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Chez Panisse

A Legend Continues to Thrive

Who am I, mere mortal, to laurel or dart the dining experience of the legendary Chez Panisse? As far as restaurants and food movements go, this kitchen is the Mesopotamia of California cuisine. This is the very birthplace of sparklingly fresh, high quality ingredients coaxed to maximum flavor, and a menu that drops farm names as is they were boutique designers. Chez Panisse is credited with creating the sustainable, farmer-friendly agricultural wheel. Superstar owner and operator Alice Waters has also indirectly sparked some of the nation’s best eats from the kitchen’s Harvard-like alumni, including Acme Bread, restaurant Cesar, Oliveto, and Pizzaiolo.

I waltzed into dinner wondering this: Is the food merely a dusty institution living on its laurels? I was pleased to find that not only are the eats still exquisite and worthy of their place in the Culinary Hall of Fame, but that the room has the buzz and upstart energy that it must have had at the dawn of the restaurant revolution nearly four decades ago.

The first impression, however, did not immediately assuage my fears. No one greeted us upon arrival. And in a place where it takes a month to get a reservation for a mid-week meal, a diner desperately wants to confirm that they’re in the right place in the right time. We showed ourselves to the bar upstairs, ordered a glass of house red, and eyeballed both kinds of guests: tourists from the Chicago suburbs and the ironed Oxford shirt set in on an expense account. I gulped wine nervously.

Catching the eye of a man with a clipboard who looked like staff, I was briskly and coldly told that no, I’d have to check in downstairs -- despite the fact that I’d mentioned there was no one there. I sit tight and wait for our 8:30 seating like I’m waiting for the phone to ring.

At our appointed time we are shown to our perch, where we will be fed unfathomably delicious food with Piedmont wine pairings, trailed by our own Blue Bottle Coffee press, for the next three-and-a-half hours (be prepared for such pacing, either glacial or appropriately celebratory, on your visit). I start picking at my cuticles when I have a look at the belly of the ship from my table under the stairs. The décor is ancient, dark, stifling, and, I would guess, unchanged since opening day in 1971. In another ten years it will be pure retro bliss, but for now, diners must look past heavy wood paneling, oppressive architecture, smoky mirrors, thrift-store metal sconces, and servers in waistcoats.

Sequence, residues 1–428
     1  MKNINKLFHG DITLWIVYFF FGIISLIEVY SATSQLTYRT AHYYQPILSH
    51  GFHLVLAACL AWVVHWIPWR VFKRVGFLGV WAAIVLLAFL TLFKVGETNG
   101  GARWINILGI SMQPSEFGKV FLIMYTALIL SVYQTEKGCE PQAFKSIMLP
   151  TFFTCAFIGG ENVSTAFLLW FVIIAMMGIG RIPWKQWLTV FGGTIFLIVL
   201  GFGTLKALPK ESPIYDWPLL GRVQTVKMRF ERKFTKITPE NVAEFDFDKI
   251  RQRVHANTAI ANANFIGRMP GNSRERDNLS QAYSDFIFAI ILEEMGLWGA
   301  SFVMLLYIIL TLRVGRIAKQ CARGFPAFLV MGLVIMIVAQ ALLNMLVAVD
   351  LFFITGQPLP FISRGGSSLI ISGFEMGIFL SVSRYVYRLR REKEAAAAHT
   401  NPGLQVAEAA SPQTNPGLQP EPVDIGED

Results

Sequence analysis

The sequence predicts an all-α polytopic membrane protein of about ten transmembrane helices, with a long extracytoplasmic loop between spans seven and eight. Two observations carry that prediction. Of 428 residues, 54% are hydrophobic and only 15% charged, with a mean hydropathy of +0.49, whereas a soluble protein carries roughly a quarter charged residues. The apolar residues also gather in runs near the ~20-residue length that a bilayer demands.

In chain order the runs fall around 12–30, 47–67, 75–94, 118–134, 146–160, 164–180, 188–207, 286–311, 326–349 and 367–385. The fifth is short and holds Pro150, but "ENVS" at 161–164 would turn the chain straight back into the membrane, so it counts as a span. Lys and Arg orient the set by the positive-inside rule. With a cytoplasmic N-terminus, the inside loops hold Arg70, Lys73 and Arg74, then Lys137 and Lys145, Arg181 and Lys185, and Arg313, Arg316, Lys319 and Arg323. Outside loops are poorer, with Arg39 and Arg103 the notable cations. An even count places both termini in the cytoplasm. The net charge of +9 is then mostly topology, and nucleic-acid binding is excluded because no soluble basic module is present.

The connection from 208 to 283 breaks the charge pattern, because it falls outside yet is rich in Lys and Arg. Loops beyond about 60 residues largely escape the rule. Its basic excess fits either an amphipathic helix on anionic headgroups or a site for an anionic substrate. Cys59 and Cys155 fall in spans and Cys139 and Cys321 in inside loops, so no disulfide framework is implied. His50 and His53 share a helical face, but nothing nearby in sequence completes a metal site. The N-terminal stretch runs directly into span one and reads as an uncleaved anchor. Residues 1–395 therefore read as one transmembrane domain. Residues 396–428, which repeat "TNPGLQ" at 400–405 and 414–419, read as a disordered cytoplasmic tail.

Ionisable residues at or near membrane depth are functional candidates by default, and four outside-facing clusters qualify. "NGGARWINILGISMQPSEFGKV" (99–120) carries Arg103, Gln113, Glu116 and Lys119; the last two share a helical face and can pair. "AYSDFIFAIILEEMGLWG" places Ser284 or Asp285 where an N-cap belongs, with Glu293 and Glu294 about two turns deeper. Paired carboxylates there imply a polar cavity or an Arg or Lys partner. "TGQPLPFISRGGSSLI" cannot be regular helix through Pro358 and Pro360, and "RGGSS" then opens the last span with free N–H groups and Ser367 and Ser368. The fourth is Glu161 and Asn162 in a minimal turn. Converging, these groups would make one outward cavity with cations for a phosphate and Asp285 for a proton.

Despite the self-reliant service that we’d received upon arrival, once seated, our waiter --obviously the career sort -- was attentive, informative, and perfectly laissez faire. Once the food arrived, wood and poor lighting no longer distracted us.

The evening’s menu (dinners are three to five set courses, ranging in price from $55-$85, Monday to Saturday) began with fior di latte with tomatoes, roasted peppers, and grilled eggplant, the latter being just a touch too oil-drenched. The former, a stunning jelly roll of mozzarella with bright basil and brilliant peppers, was elevated to art with the crisp of salt flake and a splash of EVOO that was a fine perfume behind the ears. My empty plate cleared with a desire to make my own mozzarella, as they clearly had.

I was already grinning when the pasta course arrived, pasta e fagioli with shell beans, pancetta, and rosemary, and I soon became giddy at this dish, most likely the finest plate of pasta I’ve ever had. It was a perfect execution that appears deceptively simple -- pasta, beans, and brothy sauce. Yet one could linger over the perfect chew of hand-turned sheet pasta, tender beans that had been in the pod mere hours before, and a light toss of freshly rendered pancetta flavor in a bath of concentrated stock. Superb.

It’s equally difficult not to gush over the Wolfe Ranch quail, a fowl I usually dismiss as novelty meat for its fiddly toying and “tastes like chicken” lack of character. Here, for the first time, I actually “got” why people eat quail: a dense, moist, pink flesh with a game all its own and a crisp, herbaceous skin. Paired with a housemade sausage, a smattering of chard and a dollop of rich, runny polenta, the dish felt modern and gained another dimension of meaty succulence.

The dessert that followed slid us down the bell curve of the meal, yet kept it on the charts. Good as it may have been, it’s hard to get too excited over a poached pear with a crunchy sugar crust, piddling in a foam of zabaglione. Like a hostess who brings out ice cream and boxed pound cake at meal’s end, it’s a fine, sweet finish. Good, but not great. And yet a modern incarnation of a post-modern culinary classic -- distinguished, alive, and seductive.

Gourmet Ghetto
Reservations essential? YES!